After examining the different proposals, the question is raised: which one of them should be favoured? This demands a clear assessment of the benefits and shortcomings of each one of them. Before this can be done, we have to recall that some of the disadvantages apparent in the proposals are actually deliberate concessions made toward political feasibility. The meaning of what concessions amount to is however also subject to a variety of interpretations. An example is Van parijs’ understanding of the term: “a concession does not consist of agreeing to receive less than one has an interest in obtaining, but rather in agreeing that one will receive less than what one regards as one’s entitlement”98. A proper use of the term would require from us to have a clear notion in regard to what we are entitled to. Unfortunately, there is a wide dispute on what our entitlements amount to (or to what we are obliged to provide others with), therefore making it inevitable that our understandings of what concessions are differ. Thus, three doctrines aiming at securing different sets of entitlements will be briefly discussed. Those are the basic rights idea, entitlements secured by the International Bill of Rights and notions defending rights of future generations.

Having basic rights secured is a widely shared goal, a common consensus one could say. However, here some differences in opinion arise at an early stage. Henry Shue defines the right to subsistence as one of the basic rights. He means by this that without the minimum securities to ensure subsistence, other rights cannot be enjoyed99. The rights that are usually considered as basic are some of those we can find in the ICESCR Articles 11.1 and 12 - the right to health, shelter and food. In how far science and technology play an indispensable role in securing those rights is far from self-evident.

In relation to health, the link between taking a medicine and a certain health outcome is often undeniable. While food is often seen as an even more urgent necessity than medicines, the causal relationship between a specific agricultural innovation and food security is more difficult to establish. The target of food security can be achieved by other means than relying on the particular innovation in question. Additionally we have special local circumstances that alter the hierarchy of the needs that are considered more urgent for human survival than others. People living around the polar circles would argue that one cannot be deprived of proper clothing and shelter for even less time than of food and medicines. It is commonly acknowledged that innovation can play a role to make clothing and shelter better suitable for harsh environments, but the securement of those needs is even less dependent on a particular technological innovation.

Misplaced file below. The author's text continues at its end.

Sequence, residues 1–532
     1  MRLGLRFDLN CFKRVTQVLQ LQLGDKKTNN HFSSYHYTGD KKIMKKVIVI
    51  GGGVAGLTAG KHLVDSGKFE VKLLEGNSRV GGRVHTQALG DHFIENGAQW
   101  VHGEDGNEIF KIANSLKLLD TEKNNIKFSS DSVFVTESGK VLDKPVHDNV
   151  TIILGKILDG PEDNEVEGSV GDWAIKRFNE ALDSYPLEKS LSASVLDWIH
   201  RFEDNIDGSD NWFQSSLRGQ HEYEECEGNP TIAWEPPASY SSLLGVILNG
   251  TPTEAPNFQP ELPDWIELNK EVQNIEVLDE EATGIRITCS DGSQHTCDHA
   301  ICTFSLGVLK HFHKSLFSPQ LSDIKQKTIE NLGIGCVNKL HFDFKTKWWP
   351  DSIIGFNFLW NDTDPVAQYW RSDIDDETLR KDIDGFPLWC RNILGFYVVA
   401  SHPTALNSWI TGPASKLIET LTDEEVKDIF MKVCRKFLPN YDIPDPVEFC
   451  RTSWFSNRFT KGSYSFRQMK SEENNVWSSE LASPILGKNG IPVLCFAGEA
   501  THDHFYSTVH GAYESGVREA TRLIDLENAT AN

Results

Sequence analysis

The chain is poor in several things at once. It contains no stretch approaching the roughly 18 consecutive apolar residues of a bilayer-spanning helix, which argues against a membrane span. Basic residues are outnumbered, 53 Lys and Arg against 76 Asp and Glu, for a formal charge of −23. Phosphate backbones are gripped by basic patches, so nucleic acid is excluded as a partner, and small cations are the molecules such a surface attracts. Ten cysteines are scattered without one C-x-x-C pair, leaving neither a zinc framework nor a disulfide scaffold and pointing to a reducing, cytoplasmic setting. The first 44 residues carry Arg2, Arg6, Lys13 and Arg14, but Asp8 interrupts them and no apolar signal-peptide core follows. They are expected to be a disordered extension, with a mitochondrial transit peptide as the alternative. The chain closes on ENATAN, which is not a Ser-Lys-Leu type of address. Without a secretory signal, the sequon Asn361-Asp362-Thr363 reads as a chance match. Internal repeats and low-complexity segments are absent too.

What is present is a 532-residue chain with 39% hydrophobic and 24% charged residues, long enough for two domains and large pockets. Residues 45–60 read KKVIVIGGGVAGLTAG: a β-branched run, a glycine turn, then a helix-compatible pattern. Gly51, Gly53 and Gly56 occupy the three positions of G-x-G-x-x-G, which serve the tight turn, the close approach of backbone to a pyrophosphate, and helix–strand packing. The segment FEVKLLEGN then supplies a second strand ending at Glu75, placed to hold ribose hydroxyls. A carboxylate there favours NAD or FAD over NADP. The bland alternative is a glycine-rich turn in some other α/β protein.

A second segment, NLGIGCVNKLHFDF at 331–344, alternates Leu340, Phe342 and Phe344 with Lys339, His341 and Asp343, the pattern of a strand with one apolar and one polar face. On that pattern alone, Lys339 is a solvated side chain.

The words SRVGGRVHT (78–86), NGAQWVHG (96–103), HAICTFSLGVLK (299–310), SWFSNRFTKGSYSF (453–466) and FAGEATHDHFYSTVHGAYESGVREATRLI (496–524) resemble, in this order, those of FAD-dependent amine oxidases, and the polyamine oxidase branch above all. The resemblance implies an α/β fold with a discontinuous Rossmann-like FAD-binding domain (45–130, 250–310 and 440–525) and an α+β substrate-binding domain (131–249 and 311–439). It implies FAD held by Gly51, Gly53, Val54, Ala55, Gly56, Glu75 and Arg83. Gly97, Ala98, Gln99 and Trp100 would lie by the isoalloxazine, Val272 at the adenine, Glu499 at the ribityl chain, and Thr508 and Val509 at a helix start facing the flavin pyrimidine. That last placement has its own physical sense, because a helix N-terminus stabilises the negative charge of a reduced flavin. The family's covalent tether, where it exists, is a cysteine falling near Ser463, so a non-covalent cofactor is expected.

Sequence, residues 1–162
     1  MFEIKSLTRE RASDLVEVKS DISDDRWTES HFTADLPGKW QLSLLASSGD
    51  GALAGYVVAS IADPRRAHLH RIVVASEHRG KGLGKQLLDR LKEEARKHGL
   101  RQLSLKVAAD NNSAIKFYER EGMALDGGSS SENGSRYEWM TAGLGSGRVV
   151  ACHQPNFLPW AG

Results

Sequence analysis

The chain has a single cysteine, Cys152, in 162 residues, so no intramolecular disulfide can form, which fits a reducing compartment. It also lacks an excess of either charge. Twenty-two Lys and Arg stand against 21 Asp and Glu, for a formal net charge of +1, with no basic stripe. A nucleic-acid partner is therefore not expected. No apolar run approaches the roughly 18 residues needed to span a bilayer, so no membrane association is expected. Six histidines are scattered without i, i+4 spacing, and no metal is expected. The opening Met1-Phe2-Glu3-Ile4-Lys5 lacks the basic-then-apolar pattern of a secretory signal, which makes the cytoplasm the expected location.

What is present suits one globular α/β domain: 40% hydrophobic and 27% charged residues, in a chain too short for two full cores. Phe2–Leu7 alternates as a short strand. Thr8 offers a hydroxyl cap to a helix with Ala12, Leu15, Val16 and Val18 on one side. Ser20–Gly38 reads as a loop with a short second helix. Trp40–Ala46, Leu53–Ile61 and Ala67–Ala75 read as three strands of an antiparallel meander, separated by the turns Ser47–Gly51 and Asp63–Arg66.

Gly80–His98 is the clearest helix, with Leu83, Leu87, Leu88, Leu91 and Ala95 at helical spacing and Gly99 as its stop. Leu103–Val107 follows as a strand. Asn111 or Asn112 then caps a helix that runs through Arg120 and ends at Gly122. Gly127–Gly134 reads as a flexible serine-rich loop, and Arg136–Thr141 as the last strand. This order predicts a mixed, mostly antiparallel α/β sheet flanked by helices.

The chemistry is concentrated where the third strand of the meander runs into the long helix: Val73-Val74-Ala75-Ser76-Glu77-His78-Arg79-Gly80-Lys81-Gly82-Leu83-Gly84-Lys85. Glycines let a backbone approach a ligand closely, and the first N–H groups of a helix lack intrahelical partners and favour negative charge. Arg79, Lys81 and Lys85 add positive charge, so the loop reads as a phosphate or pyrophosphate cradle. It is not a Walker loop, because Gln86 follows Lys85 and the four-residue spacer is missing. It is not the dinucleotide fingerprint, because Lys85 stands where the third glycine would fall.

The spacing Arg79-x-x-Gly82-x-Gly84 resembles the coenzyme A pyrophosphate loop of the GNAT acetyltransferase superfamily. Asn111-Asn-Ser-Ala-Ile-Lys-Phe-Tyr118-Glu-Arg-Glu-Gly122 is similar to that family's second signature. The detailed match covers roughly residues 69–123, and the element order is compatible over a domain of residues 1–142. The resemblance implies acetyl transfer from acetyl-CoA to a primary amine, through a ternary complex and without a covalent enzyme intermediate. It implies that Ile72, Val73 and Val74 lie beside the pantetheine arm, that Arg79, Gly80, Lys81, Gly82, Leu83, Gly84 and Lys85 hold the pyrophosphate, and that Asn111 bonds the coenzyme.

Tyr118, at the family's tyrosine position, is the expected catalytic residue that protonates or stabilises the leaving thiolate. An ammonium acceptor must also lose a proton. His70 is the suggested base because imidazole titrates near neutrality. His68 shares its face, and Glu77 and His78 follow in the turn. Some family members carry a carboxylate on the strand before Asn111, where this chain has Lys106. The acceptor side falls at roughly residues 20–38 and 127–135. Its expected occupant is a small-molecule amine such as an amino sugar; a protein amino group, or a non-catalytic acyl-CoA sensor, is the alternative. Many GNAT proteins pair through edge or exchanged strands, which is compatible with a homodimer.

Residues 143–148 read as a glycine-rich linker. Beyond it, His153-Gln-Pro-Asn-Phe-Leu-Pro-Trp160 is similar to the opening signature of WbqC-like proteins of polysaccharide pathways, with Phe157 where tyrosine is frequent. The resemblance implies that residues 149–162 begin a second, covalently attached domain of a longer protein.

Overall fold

Thus, in how far a person tends to categorize an object as necessary for securing basic rights depends often on perceived vulnerabilities, and those vary according to multiple social and geographic factors100. Using the basic goods category to identify the objects of innovation that can be exploited without moral scruple would only make sense on a global scale if the objects falling within this category can be broadly bundled. The diversity of vulnerabilities obliges to offer correlative remedies and a prophylactics package. A strict hierarchy of which needs are more vital than others is impossible to defend on a global scale.

A number of technologies fall clearly out of the scope of what is protected by the basic rights doctrine, but can nevertheless significantly help to achieve certain rights protected by the International Bill of Rights. The importance of many of the less urgent human rights cannot be completely ignored by basic rights advocates. Since we do not have institutions that redistribute resources in order to guarantee that basic subsistence rights are more widely secured, people are compelled to do everything in their power to overcome local threats to health, food security and generally hazards coming from an exposure to a harsh environment. Having access to research networks and a basic infrastructure to undertake experiments enables people to seek for solutions on their own. Failing to continuously assist people as they fall into distress makes it mandatory to enable them to be able to provide for themselves. Securing possibilities to partake in science and technology development releases people from a relationship of dependency, a goal that is laudable in its own right101.